A joint technical committee is working to prepare draft implementing legislation for both the Mine Ban Treaty and the Convention on Cluster Munitions and includes the government’s Department of Mine Clearance, Mine Action Coordination Center of Afghanistan (MACCA), the Mine Dog Center, Afghan Landmine Survivors’ Organization (ALSO), and the ICRC. Statement of Afghanistan, Convention on Cluster Munitions Third Meeting of States Parties, 13 September 2012. See also Convention on Cluster Munitions Article 7 Report, Form A, 30 August 2012.
 Afghanistan’s initial Article 7 report covered calendar year 2011, while the 19 May 2013 covered calendar year 2012, the 27 April 2014 update was for calendar year 2013, the 28 April 2015 update covered calendar year 2014, and the 25 April 2016 update covered calendar year 2015.
 For details on Afghanistan’s cluster munition policy and practice through early 2009, see Human Rights Watch and Landmine Action, Banning Cluster Munitions: Government Policy and Practice (Ottawa: Mines Action Canada, May 2009), pp. 27–28.
 Two United States (US) Department of State cables subsequently made public by Wikileaks have shown how US officials had sought assurances from the highest levels of the Afghan government that Afghanistan would not join the convention; however, during the Oslo Signing Conference President Karzai decided that Afghanistan should sign the convention. “Afghan views on cluster munitions and Oslo process,” US Department of State cable 08KABUL346 dated 12 February 2008, released by Wikileaks on 20 May 2011.
 “Implementation of the Convention on Cluster Munitions,” UNGA Resolution 70/54, 7 December 2015.
 “Situation of human rights in the Syrian Arab Republic,” UNGA Resolution 69/189, 18 December 2014.
 According to the cable, the US has interpreted the convention as allowing “U.S. forces to store, transfer, and use U.S. cluster munitions in the territory of a State Party.” The cable states that “the United States reads the phrase ‘military cooperation and operations’ in Article 21 to include all preparations for future military operations, transit of cluster munitions through the territory of a State Party, and storage and use of cluster munitions on the territory of a State Party.” “Demarche to Afghanistan on cluster munitions,” US Department of State cable 08STATE134777 dated 29 December 2008, released by Wikileaks on 1 December 2010.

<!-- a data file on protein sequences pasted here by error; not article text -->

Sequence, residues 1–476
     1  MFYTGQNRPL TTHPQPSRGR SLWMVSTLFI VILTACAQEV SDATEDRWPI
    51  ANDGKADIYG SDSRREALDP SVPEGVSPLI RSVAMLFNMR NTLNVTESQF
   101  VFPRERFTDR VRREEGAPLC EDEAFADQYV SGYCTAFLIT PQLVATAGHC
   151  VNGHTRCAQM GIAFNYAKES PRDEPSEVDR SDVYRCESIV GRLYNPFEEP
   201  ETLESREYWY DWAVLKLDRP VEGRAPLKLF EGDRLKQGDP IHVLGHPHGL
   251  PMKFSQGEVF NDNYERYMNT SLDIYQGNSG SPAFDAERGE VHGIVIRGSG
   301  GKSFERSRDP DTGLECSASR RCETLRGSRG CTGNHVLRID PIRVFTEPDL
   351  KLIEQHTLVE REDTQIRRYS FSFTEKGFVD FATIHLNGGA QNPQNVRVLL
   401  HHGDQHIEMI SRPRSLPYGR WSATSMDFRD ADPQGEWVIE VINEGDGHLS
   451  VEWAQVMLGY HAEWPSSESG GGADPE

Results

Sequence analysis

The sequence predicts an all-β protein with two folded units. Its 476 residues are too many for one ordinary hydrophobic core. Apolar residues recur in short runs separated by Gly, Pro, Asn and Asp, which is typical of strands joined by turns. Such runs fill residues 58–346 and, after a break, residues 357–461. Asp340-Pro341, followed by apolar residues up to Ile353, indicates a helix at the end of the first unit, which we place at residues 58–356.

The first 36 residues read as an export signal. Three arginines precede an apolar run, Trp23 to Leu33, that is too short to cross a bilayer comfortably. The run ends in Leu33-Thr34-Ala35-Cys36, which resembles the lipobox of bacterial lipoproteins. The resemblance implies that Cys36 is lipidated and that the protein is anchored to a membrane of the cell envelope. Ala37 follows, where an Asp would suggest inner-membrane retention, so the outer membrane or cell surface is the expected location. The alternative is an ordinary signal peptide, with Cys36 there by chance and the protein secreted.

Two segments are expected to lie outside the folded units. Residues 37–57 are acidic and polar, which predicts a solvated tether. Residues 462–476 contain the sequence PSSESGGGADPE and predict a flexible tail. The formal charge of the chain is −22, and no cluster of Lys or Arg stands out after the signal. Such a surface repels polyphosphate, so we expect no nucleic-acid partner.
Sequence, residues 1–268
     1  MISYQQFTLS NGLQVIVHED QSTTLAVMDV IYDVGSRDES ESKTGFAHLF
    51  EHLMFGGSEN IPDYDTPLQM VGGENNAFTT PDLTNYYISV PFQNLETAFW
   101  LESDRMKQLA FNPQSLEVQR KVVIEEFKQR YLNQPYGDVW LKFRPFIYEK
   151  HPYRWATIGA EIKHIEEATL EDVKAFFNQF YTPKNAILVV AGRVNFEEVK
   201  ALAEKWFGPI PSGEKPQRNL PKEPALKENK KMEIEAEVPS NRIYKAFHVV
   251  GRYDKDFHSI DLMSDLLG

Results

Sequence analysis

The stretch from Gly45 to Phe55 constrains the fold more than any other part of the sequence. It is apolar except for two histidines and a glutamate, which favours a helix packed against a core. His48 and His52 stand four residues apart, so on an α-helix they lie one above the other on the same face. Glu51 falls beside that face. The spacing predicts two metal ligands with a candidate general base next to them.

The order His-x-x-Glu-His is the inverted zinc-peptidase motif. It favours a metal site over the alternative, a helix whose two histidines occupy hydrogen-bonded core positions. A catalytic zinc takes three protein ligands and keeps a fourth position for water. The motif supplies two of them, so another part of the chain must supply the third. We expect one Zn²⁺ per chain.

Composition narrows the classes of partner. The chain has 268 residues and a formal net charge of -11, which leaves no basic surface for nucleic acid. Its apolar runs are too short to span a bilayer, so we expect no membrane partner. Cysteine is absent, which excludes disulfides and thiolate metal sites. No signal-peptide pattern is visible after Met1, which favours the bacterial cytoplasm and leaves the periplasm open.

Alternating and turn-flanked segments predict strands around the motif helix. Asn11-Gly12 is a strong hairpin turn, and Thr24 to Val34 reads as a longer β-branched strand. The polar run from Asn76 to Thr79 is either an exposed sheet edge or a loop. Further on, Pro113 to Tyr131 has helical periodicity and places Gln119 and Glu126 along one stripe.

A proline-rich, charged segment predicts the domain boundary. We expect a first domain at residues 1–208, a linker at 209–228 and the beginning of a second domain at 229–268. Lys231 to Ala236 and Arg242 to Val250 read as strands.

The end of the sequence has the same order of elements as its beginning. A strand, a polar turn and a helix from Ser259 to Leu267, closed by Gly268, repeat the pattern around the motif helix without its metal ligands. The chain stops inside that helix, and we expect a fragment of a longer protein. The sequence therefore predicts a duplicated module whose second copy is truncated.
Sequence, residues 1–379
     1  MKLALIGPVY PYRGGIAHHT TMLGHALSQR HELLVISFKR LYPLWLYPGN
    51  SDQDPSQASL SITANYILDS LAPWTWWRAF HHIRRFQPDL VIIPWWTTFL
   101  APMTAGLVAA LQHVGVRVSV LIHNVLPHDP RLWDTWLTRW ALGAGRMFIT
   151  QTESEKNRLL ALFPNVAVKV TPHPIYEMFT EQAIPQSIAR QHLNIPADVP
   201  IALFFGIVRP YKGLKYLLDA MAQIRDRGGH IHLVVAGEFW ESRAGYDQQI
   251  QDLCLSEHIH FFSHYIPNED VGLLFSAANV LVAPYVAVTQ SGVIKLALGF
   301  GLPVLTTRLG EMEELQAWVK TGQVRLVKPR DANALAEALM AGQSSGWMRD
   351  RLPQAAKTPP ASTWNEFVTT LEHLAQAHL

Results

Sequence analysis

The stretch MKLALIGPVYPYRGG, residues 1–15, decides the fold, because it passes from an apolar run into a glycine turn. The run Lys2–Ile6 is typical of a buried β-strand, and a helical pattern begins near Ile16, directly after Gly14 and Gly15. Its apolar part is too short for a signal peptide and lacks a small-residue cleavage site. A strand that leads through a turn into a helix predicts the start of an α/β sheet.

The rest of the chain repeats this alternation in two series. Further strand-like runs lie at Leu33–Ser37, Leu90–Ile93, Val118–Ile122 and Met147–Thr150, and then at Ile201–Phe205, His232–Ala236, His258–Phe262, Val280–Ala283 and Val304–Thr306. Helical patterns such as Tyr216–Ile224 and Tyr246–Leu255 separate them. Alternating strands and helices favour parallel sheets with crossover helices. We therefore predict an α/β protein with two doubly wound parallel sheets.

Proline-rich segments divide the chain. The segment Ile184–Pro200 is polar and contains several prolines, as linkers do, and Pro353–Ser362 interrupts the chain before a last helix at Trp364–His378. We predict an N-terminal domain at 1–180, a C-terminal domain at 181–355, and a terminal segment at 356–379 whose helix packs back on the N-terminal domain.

Human Rights Watch (HRW), “Fatally Flawed: Cluster Bombs and their Use by the United States in Afghanistan,” Vol. 14, No. 7 (G), December 2002.
 CMC Fact Sheet prepared by (HRW), “Cluster Munitions in the Asia-Pacific Region,” October 2008.
 Statement of Afghanistan, Convention on Cluster Munitions Fourth Meeting of States Parties, Lusaka, 10 September 2013. In April 2014, Afghanistan again stated that it destroyed all stockpiles of cluster munitions before the convention entered into force and no longer has a stockpile. Statement of Afghanistan, Convention on Cluster Munitions Intersessional Meetings, Geneva, 8 April 2014. Notes by the CMC.
 Afghanistan’s initial Article 7 report detailed the destruction between 2005 and 2011 of over 402,000 submunitions of various types. Convention on Cluster Munitions Article 7 Report, Form B, 30 August 2012. The subsequent Article 7 reports detail the destruction of 761 additional munitions and submunitions discovered in 2012 and 2013 and also provide an updated accounting of the various submunitions destroyed between 2005 and 2011, listing five types of munitions not included in the initial report. Convention on Cluster Munitions Article 7 Report, Form B, Part II, 27 April 2014; and Convention on Cluster Munitions Article 7 Report, Form B, 19 May 2013.
 Convention on Cluster Munitions Article 7 Report, Form B, Part II, para. 3 (a), 25 April 2016. Note that Afghanistan stated in its 2015 Article 7 Report that 187 “cluster munitions” were destroyed in 2014. See, Convention on Cluster Munitions Article 7 Report, Form B, Part II, para. 3 (c), 28 April 2015.
 Colin King, ed., Jane’s Explosive Ordnance Disposal 2008, CD-edition, 15 January 2008 (Surrey, UK: Jane’s Information Group Limited, 2008).
 Ibid.; and International Institute for Strategic Studies, The Military Balance 2005–2006 (London: Routledge, 2005), p. 233.
 Afghanistan Rights Monitor, “Annual Report: Civilian Casualties of War, January–December 2010,” p. 15.